If you want to buy a home or condo right after college, you need to think of the long game. Meaning you need to start planning early.

As in, as early as you start making money.

It might even mean starting to plan while you’re still in high school. Decisions you make during your college years can impact your financial future for a long time (i.e., student loans or choosing your major).

Here are the critical steps you need to take if you want to purchase a home after you graduate.

1. Determine where (and what) you want to buy

Many people may not agree that this is the first step, but I strongly feel that it is. Knowing exactly what you want will allow you to set a goal.

According to Dr. Neil Farber of Psychology Today, having goals “help us to focus our energy, form plans, live a purpose-centered life, and give us a feeling of accomplishment.” He also outlines the benefits of value-based goals—creating meaningful goals based on what you value.

If you don’t know what you want, it’s hard to set a clear direction to get there.

Find the right neighborhood

Moving past the psychological stuff, I recommend doing some research on areas that you want to live. Niche.com is a fantastic website to help you find neighborhoods to live in.

Niche will show you ratings for things like nightlife, diversity, crime and safety, and housing prices. You can also see homes for sale as well as a quick breakdown of what housing is like in that area (median home values, area feel, etc.)

Know what type of home you want to buy

Once you’ve settled on where you want to live, you should think about what you want to buy. For example, most neighborhoods will have single-family homes and condos, but there are also townhomes, duplexes, and other types of homes you can consider.

If you’re looking for a traditional single-family home, this fun guide from RealtorMag shows you over 30 different types of home architectures so you can see what suits your style. You may not be able to afford what you want right out of college, but this will at least allow you set your sights on something for the future.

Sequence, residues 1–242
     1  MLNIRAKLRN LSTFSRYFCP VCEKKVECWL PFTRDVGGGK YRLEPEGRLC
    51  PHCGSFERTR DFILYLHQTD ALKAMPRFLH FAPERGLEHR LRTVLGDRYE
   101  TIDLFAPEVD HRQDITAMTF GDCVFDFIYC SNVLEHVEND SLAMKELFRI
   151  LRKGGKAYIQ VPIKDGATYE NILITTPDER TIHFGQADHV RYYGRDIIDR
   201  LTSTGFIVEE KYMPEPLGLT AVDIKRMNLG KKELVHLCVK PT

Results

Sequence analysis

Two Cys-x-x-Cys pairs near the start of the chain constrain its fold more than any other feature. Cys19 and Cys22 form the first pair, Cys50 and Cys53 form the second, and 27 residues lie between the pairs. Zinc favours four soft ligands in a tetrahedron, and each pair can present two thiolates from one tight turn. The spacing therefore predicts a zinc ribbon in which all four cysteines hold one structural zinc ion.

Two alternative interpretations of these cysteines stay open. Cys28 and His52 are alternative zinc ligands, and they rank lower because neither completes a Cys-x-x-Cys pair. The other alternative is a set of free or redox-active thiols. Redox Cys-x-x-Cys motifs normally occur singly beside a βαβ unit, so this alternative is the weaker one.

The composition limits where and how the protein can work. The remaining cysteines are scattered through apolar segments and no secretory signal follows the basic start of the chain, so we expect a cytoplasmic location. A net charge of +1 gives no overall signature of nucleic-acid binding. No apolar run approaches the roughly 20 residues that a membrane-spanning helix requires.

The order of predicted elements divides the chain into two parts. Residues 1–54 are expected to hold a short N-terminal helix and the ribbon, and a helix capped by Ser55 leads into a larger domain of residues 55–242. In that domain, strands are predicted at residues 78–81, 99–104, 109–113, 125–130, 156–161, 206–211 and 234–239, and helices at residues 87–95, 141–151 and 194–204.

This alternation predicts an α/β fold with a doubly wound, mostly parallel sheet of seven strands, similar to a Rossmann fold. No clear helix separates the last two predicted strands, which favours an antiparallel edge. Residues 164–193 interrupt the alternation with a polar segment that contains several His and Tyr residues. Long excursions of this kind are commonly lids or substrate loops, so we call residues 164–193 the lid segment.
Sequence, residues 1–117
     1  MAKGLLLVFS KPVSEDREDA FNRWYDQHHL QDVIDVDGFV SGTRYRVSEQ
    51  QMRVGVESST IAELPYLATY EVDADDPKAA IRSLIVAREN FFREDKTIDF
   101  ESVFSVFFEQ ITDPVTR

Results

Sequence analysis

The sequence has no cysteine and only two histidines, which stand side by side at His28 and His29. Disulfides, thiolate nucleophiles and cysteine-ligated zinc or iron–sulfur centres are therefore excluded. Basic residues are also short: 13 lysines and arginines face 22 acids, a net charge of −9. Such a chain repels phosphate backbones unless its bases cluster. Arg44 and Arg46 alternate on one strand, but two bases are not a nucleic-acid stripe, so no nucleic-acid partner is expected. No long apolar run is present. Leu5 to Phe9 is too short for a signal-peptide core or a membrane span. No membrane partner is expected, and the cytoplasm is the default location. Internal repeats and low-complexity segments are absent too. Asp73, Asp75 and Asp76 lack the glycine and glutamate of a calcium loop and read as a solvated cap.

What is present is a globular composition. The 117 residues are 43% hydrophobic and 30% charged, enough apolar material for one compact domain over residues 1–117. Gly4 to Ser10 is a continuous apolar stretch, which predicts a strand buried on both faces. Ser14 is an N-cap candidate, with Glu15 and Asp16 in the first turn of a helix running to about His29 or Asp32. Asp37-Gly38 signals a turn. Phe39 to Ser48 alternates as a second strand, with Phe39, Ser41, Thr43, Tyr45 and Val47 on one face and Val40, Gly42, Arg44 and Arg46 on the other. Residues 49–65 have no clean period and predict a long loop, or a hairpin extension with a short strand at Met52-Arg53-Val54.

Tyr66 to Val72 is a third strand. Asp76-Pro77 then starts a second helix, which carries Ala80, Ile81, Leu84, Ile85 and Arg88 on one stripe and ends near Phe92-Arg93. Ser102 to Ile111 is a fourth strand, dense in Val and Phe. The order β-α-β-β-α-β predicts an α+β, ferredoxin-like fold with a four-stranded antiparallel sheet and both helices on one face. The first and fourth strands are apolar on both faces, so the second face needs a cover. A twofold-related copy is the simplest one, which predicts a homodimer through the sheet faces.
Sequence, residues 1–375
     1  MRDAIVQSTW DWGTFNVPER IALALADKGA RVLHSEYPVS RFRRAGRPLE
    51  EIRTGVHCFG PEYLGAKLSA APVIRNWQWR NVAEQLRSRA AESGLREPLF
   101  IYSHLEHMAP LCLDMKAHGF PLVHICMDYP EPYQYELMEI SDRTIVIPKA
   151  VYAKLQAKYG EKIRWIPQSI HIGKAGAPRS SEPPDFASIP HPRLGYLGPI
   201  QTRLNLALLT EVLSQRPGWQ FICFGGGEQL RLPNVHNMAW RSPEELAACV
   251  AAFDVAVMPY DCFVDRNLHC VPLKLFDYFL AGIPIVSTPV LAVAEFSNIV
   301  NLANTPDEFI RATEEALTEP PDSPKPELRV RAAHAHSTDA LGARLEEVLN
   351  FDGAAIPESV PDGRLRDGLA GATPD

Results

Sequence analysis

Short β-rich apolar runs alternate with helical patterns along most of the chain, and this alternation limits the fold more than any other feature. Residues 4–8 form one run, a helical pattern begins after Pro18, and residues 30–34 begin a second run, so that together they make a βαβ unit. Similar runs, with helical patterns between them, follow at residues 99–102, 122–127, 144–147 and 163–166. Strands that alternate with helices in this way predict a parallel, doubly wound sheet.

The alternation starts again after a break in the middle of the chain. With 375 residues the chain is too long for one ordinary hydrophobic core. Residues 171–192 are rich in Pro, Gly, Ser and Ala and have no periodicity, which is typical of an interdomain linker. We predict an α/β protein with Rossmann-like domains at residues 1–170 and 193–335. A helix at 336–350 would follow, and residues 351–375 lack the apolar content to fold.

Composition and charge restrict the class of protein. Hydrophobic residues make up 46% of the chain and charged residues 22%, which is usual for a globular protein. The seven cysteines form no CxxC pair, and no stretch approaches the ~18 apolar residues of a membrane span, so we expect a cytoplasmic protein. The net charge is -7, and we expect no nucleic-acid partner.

Which leads me to my next point:

Start small

You may or may not remember the housing crisis of 2008 (more on this below), but banks were lending absurd amounts of money to people who couldn’t afford to repay it. It caused people to think they could live in a much more extravagant or more expensive home than they actually could.

So my advice is to start small and buy an inexpensive starter home. My first home was in a city with terrible schools and only had two bedrooms.

But it worked for my wife and me.

We didn’t have kids yet, and we only needed one bedroom (the other served as an office). The house was within fifteen minutes of both of our jobs. And it served us well for years.

Too many people, including close friends of mine, think they need to buy their ‘forever home’ first. If you’re just getting out of college, I can’t think of any logical reason you’d need a big home with four bedrooms and two bathrooms.

So start small—both with your home and your budget. Doing this will allow you to make better financial decisions down the line.

2. Align your college major and job prospects with where you want to buy